A Vision of the Future for Physician Practice in Nutrition

A Vision of the Future for Physician Practice in Nutrition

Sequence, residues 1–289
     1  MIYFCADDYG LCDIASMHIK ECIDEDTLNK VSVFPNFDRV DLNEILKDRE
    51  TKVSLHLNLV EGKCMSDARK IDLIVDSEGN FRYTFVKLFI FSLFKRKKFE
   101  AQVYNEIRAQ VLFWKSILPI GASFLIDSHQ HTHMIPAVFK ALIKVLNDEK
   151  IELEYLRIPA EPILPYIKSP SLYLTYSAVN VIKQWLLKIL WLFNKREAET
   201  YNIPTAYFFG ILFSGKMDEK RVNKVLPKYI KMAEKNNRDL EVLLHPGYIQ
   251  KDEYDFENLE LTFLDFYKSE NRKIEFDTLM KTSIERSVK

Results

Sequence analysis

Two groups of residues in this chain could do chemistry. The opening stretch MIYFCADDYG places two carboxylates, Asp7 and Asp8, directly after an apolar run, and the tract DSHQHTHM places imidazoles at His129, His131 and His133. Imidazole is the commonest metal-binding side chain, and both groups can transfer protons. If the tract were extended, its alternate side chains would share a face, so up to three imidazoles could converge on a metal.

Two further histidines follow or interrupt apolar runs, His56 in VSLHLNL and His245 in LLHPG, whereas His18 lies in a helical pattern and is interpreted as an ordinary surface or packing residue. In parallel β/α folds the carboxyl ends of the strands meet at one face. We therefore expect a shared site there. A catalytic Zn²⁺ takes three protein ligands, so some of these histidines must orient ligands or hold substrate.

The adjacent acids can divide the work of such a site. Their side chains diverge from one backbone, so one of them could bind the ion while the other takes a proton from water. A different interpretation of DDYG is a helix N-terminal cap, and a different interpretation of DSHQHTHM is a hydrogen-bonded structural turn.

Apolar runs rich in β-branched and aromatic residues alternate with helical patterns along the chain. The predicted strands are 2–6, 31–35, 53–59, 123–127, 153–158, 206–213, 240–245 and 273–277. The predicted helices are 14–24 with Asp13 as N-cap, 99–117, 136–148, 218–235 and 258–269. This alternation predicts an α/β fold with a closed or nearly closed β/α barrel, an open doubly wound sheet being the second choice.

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Transcript  NutritionJournal of Parenteral and Enteral online version of this article can be found at: DOI: 10.1177/0148607110378306 2010 34: 86S JPEN J Parenter Enteral Nutr  McClaveJoel V. Brill, David August, Mark H. DeLegge, Refaat Hegazi, Gordon L. Jensen, Charles W. Van Way III and Stephen A. A Vision of the Future for Physician Practice in Nutrition  Published by: On behalf of:  The American Society for Parenteral & Enteral Nutrition  can be found at: Journal of Parenteral and Enteral Nutrition  Additional services and information for Email Alerts: Subscriptions: Reprints: Permissions:  What is This? - Dec 13, 2010Version of Record >>  by guest on October 11, 2013pen.sagepub.comDownloaded from by guest on October 11, 2013pen.sagepub.comDownloaded from by guest on October 11, 2013pen.sagepub.comDownloaded from by guest on October 11, 2013pen.sagepub.comDownloaded from by guest on October 11, 2013pen.sagepub.comDownloaded from by guest on October 11, 2013pen.sagepub.comDownloaded from by guest on October 11, 2013pen.sagepub.comDownloaded from by guest on October 11, 2013pen.sagepub.comDownloaded from by guest on October 11, 2013pen.sagepub.comDownloaded from by guest on October 11, 2013pen.sagepub.comDownloaded from by guest on October 11, 2013pen.sagepub.comDownloaded from by guest on October 11, 2013pen.sagepub.comDownloaded from   86S  Journal of Parenteral and Enteral Nutrition  Volume 34 Supplement 1November 2010 86S-96S© 2010 American Society for Parenteral and Enteral Nutrition10.1177/0148607110378306http://jpen.sagepub.comhosted at T he purpose of this article is to review the history and current state of reimbursement for nutrition-related services, focusing primarily on Medicare, its impact on the physician practice of nutrition, and the opportunities for the practice of nutrition care by physicians. Although this discussion is focused on Medicare, we note that most com-mercial payers base their fee schedules and coverage policies on Medicare. Medicaid is administered on a state-by-state basis, where most programs provide lower reimbursement than Medicare and more restrictive coverage policies. The points expressed in this article can and should be general-ized to all entities providing health insurance to the U.S. population at large. From 1 Predictive Health, LLC, Phoenix, Arizona; 2 Department of Surgery, University of Medicine and Dentistry of New Jersey, New Brunswick, New Jersey; 3 Department of Medicine, Medical University of South Carolina, Charleston, South Carolina; 4  Abbott Nutrition, Columbus, Ohio; 5 Department of Nutritional Sciences, Penn State University, University Park, Pennsylvania; 6 Department of Surgery, University of Missouri Kansas City, Kansas City, Missouri; and 7 Department of Medicine, University of Louisville School of Medicine, Louisville, Kentucky.Received for publication March 11, 2010; accepted for publica-tion June 21, 2010. Address correspondence to: Joel V. Brill, MD, Predictive Health LLC, 6245 N. 24th Parkway, Suite 112, Phoenix, AZ 85016-2024; e-mail: History of Medicare and Payment Systems Health insurance for the aged, popularly known as Medicare, has had a broad impact on the living patterns of Americans, young and old. Yet the idea of government health insurance antedated the Medicare law by many  years. For some time, social security officials had been troubled because the social security system could not fulfill its basic objective, namely to protect against the greatest single cause of economic dependency in old age—the high cost of medical care. Although the first health insurance bill was introduced in Congress in 1935, it took 30 years—until 1965, when Medicare was passed—for this to be addressed. Through this process a program eventually emerged that proved acceptable to a majority of the public and lawmakers in Congress, one that has seen a number of changes and refinements over the sub-sequent decades.The genesis of private insurance began in 1929, when the prototype prepaid hospital plan on which Blue Cross plans were later based was created at Baylor University in Dallas, Texas, when a businessman offered a way for 1300 schoolteachers in Dallas to finance 21 days of hospital care by making small monthly payments.  Around the same time, the Blue Shield concept was grow-ing out of the lumber and mining camps of the Pacific Northwest, where serious injuries and chronic illness were common among workers in these hazardous jobs. One obstacle that may discourage physician trainees from pursuing a career in clinical nutrition is the perception that such physician practice does not generate sufficient income.  A review of the history of Medicare and the current payment system for healthcare services by the U.S. government is essential to understand which members and what services provided by a nutrition support team (NST) will be reim-bursed. Patients who require nutrition therapy tend to have multiple comorbidities, which should allow for a higher level of billing under evaluation and management codes. Despite the fact that an intact NST improves outcome and helps ensure patient safety, such teams may not be able to func-tion independently and remain financially sustainable. Hospital administration should be mandated to support an institutional nutrition service. Strategies to define mal-nutrition and identify measures of quality nutrition care should help demonstrate the value and promote the impor-tance of a functioning NST. (  JPEN J Parenter Enteral Nutr  . 2010;34:86S-96S) Keywords: practice management; coding; reimbursement; Medicare; Medicaid; billing  A Vision of the Future for Physician Practice in Nutrition  Joel V. Brill, MD 1 ; David August, MD 2 ; Mark H. DeLegge, MD 3 ;Refaat Hegazi, MD 4 ; Gordon L. Jensen, MD 5 ; Charles W. Van Way III, MD 6 ; and Stephen A. McClave, MD 7 Financial disclosure: none declared. Physicians Summit  The Future for Physician Practice in Nutrition /   Brill et al 87S Employers who wanted to provide medical care for their workers made arrangements with physicians, who were paid a monthly fee for their services. 1  Since 1965, the private payment system has converged extensively with the government system, where reimbursement may often be higher but coverage policies are often similar.The passage of Medicare provided the groundwork for the payment system that the majority of healthcare providers labor under today. Today, Medicare is a health insurance program for the following:  • People age ≥ 65 years  • People age <65 years with certain disabilities  • People of all ages with end-stage renal disease (permanent kidney failure requiring dialysis or a kidney transplant)There are 3 parts to Medicare:  • Part A, hospital insurance—helps cover inpa-tient care in hospitals, including critical access hospitals and skilled nursing facilities (not cus-todial or long-term care). It also helps cover hospice care and some home healthcare.  • Part B, medical insurance—helps cover doctors’ services and outpatient care, including outpa-tient hospital services, ambulatory surgery cent-ers, and diagnostic imaging facilities. It also covers some other medical services that part A doesn’t cover, such as some of the services of physical and occupational therapists, some home healthcare, and drugs infused in a physi-cian’s office under physician supervision.  • Part D, prescription drug coverage—private companies provide the coverage. Beneficiaries choose the drug plan and pay a monthly premium. 2 Supplementary Medical Insurance (SMI) consists of Medicare parts B and D. Medicare also has a part C, which serves as an alternative to traditional parts A and B coverage. Under this option, beneficiaries can choose to enroll in and receive care from the private plan called Medicare Advantage and certain other health insurance plans that contract with Medicare. The costs for such beneficiaries are generally paid on a prospective, capitated basis from the part A and SMI part B trust fund accounts.Medicare pays for beneficiaries’ medically necessary healthcare needs as long as they fit into one of the broadly defined categories of benefits established in the Social Security Act (“the Act”). Among other things, these categories include commonly used medical services and supplies such as physician visits, inpatient hospital stays, diagnostic tests, durable medical equipment, and pros-thetic devices. Although the Act provides for broad cover-age of many medical and healthcare services, it does not provide an exhaustive list of all services covered. 3  Similarly, the Act generally does not specify which medical devices, surgical procedures, or diagnostic services the program covers. The Act states that the program cannot pay for any supplies or services that are not “reasonable and nec-essary” for the diagnosis and treatment of an illness or injury. [Specifically, the law states that Medicare cannot pay for any supplies or services that are not “reasonable and necessary for the diagnosis and treatment of an ill-ness or injury or to improve functioning of a malformed body part.” 42 U.S.C. §1395y(a)(1)(A).]Medicare coverage of parenteral nutrition (PN) and enteral nutrition (EN) therapy is contained in section 1861(s)(8) of the Act, the prosthetic device benefit, which provides that “the term ‘medical and other health services’ means any of the following items or services: . . . prosthetic devices (other than dental) which replace all or part of an internal body organ (including colostomy bags and supplies directly related to colostomy care), including replacement of such devices, and including one pair of conventional eyeglasses or contact lenses furnished sub-sequent to each cataract surgery with insertion of an intraocular lens.” Coverage is only for therapy required because of an absent or malfunctioning body part that normally permits food to reach the digestive tract. 4 EN therapy is a means to provide nourishment directly to the digestive tract of a patient who cannot, for a variety of reasons, ingest an appropriate amount of calories to main-tain an acceptable nutrition status. For EN, the patient may have a functioning gastrointestinal tract but must be unable to maintain appropriate weight and strength because of pathology to, or the nonfunction of, the structures that nor-mally permit food to reach the digestive tract. Thus, under Medicare guidelines, enteral therapy would be reasonable for the following:  •  A beneficiary with a nonfunctioning gastroin-testinal tract who cannot maintain appropriate weight because of disease or nonfunction of the structures that normally permit food to reach the digestive tract  •  A beneficiary with a disease of the small bowel that precludes digestion and absorption of suf-ficient nutrients and necessitates tube feeding to maintain the appropriate weightMedicare generally covers PN in both home health and outpatient delivery settings. Medicare has issued a National Coverage Determination (NCD), which requires the patient to have a severe pathology of the alimentary tract that does not allow absorption of sufficient nutrients to maintain weight and strength commensurate with the patient’s general condition. 5  A period of hospitalization is required to initiate coverage for PN and to train the patient in how to prepare, manage, and administer the  88S  Journal of Parenteral and Enteral Nutrition /  Vol. 34, Suppl. 1, November 2010 formula and equipment. The NCD also requires a physi-cian’s written order or prescription and sufficient medical cumentation to show that the prosthetic device coverage requirements are met and that PN therapy is medically necessary. Before approving coverage, the Medicare Durable Medical Equipment Regional Contractor (DMERC) must agree that a particular condition quali-fies for PN therapy.EN and PN therapies are not covered under part B in situations involving temporary impairments. Coverage of such therapy, however, does not require a medical judg-ment that the impairment giving rise to the therapy will persist throughout the patient’s remaining years. If the medical record, including the judgment of the attending physician, indicates that the impairment will be of long and indefinite duration, the test of permanence is consid-ered met. Permanence is currently defined by Centers for Medicare & Medicaid Services (CMS) as a patient’s requir-ing EN or PN for >90 days. Once Medicare coverage standards are met, the program will generally cover—with  very few restrictions—all medically necessary formulas, administration supplies, and equipment associated with both parenteral and enteral nutrition.Section 1861(s)(2)(V) of the Act authorized Medicare part B coverage of medical nutrition therapy (MNT) serv-ices for certain beneficiaries who have diabetes or a renal disease, effective for services furnished on or after January 1, 2002. Building upon an Institute of Medicine (IOM) report, Medicare part B pays for MNT services provided by a registered dietitian (RD) or nutrition professional when the beneficiary is referred for the service by the treating physician. 6  Services covered consist of face-to-face nutrition assessments and interventions in accord-ance with nationally accepted dietary or nutrition protocols. 7  Because RDs and nutrition professionals are the only providers eligible for Medicare reimbursement for this service, MNT cannot be billed “incident to.” In addition, RDs and nutrition professionals must accept assignment for all Medicare services that they furnish, unlike physicians, for whom the acceptance of assign-ment is not mandatory. 8  Thus, MNT services can only be claimed by RDs who have their own National Provider Identifier (NPI) number and have assigned their benefits to the group that claims reimbursement (Table 1).The following Current Procedural Terminology (CPT) codes are specific for MNT services (CPT® is a registered trademark of the American Medical Association[AMA]):  • 97802—MNT initial assessment and interven-tion, individual, face-to-face with the patient, each 15 minutes  • 97803—MNT reassessment and intervention, individual, face-to-face with the patient, each 15 minutes  • 97804—MNT group, ≥ 2 individuals, each 30 minutes   Figure 1. Durable medical equipment Medicare administrative contractors.  The Future for Physician Practice in Nutrition /   Brill et al 89S   • G0270—MNT reassessment and subsequent intervention(s) following second referral in same year for change in diagnosis, medical con-dition, or treatment regimen, individual, face-to-face with the patient, each 15 minutes  • G0271—MNT reassessment and subsequent intervention(s) following second referral in same  year for change in diagnosis, medical condition, or treatment regimen, group, each 30 minutesBecause reimbursement for MNT services is low, most physicians bill for their efforts using the Evaluation + Management (E/M) codes. But at least they can bill; under Medicare, pharmacists are ineligible to bill for their cognitive efforts, despite numerous studies showing how their efforts can improve patient care and overall outcomes. 9 “Incident-to” services billed by physicians and non-physician practitioners are defined as those services that are furnished incident to physician professional services in the physician’s office (whether located in a separate office suite or within an institution) or in a patient’s home. These services are billed as part B services as if the physician personally provided them and are paid under the physician fee schedule.To qualify as “incident to,” services must be part of the patient’s normal course of treatment, during which a physician personally performs an initial service and remains actively involved in the course of treatment.  Although the physician does not have to be physically present in the patient’s treatment room while these serv-ices are provided, the physician must provide direct supervision and be present in the office suite to render assistance, if necessary. The patient record should docu-ment the essential requirements for incident-to service. 10 Section 1886(d) of the Act sets forth a system of pay-ment for the operating costs of acute care hospital inpa-tient stays under Medicare part A (Hospital Insurance) based on prospectively set rates. This payment system is referred to as the inpatient prospective payment system (IPPS). Under the IPPS, each case is categorized into a diagnosis-related group (DRG). Each DRG is assigned a payment weight assigned, based on the average resources used to treat Medicare patients in that DRG. If the hos-pital treats a high percentage of low-income patients, it receives a percentage add-on payment applied to the DRG-adjusted base payment rate. This add-on, known as the disproportionate share hospital (DSH) adjustment, provides for a percentage increase in Medicare payment for hospitals that qualify under either of 2 statutory for-mulas designed to identify hospitals that serve a dispro-portionate share of low-income patients. Also, if the hospital is an approved teaching hospital, it receives a percentage add-on payment for each case paid through IPPS. This add-on, known as the indirect medical educa-tion (IME) adjustment, varies depending on the ratio of residents to beds under the IPPS for operating costs and according to the ratio of residents to average daily census under the IPPS for capital costs. For particular cases that are unusually costly, known as outlier cases, the IPPS payment is increased. This additional payment is designed to protect the hospital from large financial losses due to unusually expensive cases. Any outlier payment due is added to the adjusted base payment rate, plus any DSH or IME adjustments. 11 Having established a mechanism to cover enteral and parenteral therapy, Medicare does not pay for health pro-fessionals (eg, pharmacists, nurses, dietitians [aside from covered MNT services]) under part A and limits payment for health professionals under part B. Medicare covers services provided by eligible professionals including phy-sicians, nurse practitioners and physician assistants, and medical nutrition services provided by an RD. Under parts A + B, Medicare does not separately pay for services provided by pharmacists or nurses. 12 Medicare pays a fee for each medical service. But the amount paid per service is only one of the components contributing to Medicare’s spending. Another factor is the number of beneficiaries. According to the Medicare trus-tees 2008 report, the number of Medicare beneficiaries will increase significantly between now and 2030, rising from 45.2 million to 79 million. 13 In addition to fees and growth in the number of ben-eficiaries, the average number and type (or “intensity”) of the services provided by physicians contribute to total Medicare physician spending. Taken together, the average number and type of physicians’ services constitute their “volume.” Medicare physician spending per beneficiary is thus equal to fees times the volume of services. Each year, Medicare sets fees for physicians’ services using formulas in the Medicare fee schedule for physicians’ services and the sustainable growth rate (SGR) mechanism. However, because Medicare does not control the volume of services that physicians provide, physician spending per benefici-ary can grow even if fees are reduced. Table 1.  Reimbursement for Medical Nutrition Therapy Services CodewRVUFacilityOffice978020.53$27.41$29.21978030.45$23.80$25.61978040.25$12.98$12.98G02700.37$20.92$22.72G02710.25$12.98$12.98wRVU, Work Relative Value Units